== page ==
From the intimidatingly prolific home studio of Glenn Donaldson comes Uncommon Weather, the latest album under this The Reds, Pinks and Purples moniker. It’s the second record from RP&Ps in just over six months, and it may very well not be the last this year… That’s for another day, but for now, these 13 tracks provide the perfect view from Donaldson’s San Francisco window, surveying the politics of place and its people, and exploring the intersection of fandom and creavitity through the lens of near-classicist indiepop.

How The Reds, Pinks and Purples arrived here is a story with many roots, the most consequential of which is perhaps the musical aftermath of his earlier band, The Art Museums, whose brief tenure in the late ’00s coincided with an explosive period of the Bay Area rock scene and was followed by a hermetic musical period of Donaldson’s. Disenchanted with the dissolution of his band, Donaldson averted the DIY-pop sound with an instrumental, conceptual project called FWY! but meanwhile started a habitual songwriting practice, sharing nascent songs with friends in an email exchange. In 2013–2014, The Reds, Pinks and Purples took shape as the moniker for Glenn’s most direct expressions in the DIY-pop mode, enabled by this new disciplined output. By then, San Francisco was already a changed place. The tragic loss of his former bandmate in Art Museums was another source of discontinuity and rupture. You can hear in The Reds, Pinks and Purples’ earliest songs this grappling with life, anxiety, and atrophying subcultures. For an artist with an overriding interest in the aesthetic principles of discrete musical genres, this turn toward his immediate world for subject matter was a major shift, setting The Reds, Pinks and Purples apart from Donaldson’s other musical ventures.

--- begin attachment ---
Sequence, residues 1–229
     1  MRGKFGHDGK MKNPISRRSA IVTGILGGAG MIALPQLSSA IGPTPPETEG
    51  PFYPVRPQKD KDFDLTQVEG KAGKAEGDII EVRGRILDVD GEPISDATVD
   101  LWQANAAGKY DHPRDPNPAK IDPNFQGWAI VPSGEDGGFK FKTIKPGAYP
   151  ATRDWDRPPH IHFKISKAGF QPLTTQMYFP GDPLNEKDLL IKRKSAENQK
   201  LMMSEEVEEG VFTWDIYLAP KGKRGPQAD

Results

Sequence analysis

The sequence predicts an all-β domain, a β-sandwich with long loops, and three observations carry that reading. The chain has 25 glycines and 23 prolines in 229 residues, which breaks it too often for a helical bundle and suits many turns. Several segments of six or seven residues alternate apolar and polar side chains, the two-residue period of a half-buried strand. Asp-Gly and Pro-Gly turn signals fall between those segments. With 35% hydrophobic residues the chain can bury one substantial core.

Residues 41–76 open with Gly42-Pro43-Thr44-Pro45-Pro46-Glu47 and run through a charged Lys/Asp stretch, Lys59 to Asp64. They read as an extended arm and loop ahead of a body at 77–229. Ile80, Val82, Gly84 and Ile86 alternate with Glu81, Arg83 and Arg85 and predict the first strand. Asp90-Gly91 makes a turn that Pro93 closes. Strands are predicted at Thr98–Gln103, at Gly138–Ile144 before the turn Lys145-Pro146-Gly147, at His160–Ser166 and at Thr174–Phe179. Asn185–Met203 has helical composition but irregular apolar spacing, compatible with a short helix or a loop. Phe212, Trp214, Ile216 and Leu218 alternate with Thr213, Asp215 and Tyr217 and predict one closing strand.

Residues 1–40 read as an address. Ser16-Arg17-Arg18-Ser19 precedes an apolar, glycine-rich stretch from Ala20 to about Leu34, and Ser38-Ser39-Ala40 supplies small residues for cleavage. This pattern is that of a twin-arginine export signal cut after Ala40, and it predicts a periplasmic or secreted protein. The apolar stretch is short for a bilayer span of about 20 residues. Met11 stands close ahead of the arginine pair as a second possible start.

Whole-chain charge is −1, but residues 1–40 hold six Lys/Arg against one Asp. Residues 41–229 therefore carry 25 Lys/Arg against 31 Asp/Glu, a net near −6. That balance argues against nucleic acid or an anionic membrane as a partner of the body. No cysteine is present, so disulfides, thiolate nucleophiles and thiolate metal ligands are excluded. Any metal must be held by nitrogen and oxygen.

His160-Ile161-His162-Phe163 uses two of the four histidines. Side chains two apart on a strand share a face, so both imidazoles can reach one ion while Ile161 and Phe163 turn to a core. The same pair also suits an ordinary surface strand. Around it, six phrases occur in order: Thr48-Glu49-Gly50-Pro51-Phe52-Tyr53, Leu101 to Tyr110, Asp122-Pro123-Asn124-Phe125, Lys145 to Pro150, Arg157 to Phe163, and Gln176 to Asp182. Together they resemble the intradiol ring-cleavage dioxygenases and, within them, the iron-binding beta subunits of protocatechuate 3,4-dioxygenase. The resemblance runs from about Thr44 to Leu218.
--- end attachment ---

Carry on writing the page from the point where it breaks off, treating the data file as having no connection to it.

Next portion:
Self-recorded and mostly self-performed, Uncommon Weather features pinnacle versions of songs Donaldson has honed since the beginning of the project. The album arrives with grateful timing, quick on the heels of You Might Be Happy Someday (which is back in print here), and alleviating, for a brief window at least, whatever it is that keeps us coming back to this elemental music. Donaldson imagines his listeners are just like himself: fascinated and addicted to the spiritual power of uncomplicated pop classics.

The album is available on DL, CD & LP, and once again sees artwork provided by both Donaldson and Matthew Walkerdine. Are friends over at Slumberland are handling release duties in the US.

Buy/stream Uncommon Weather HERE
A blue vinyl repress of You Might Be Happy Someday is available HERE

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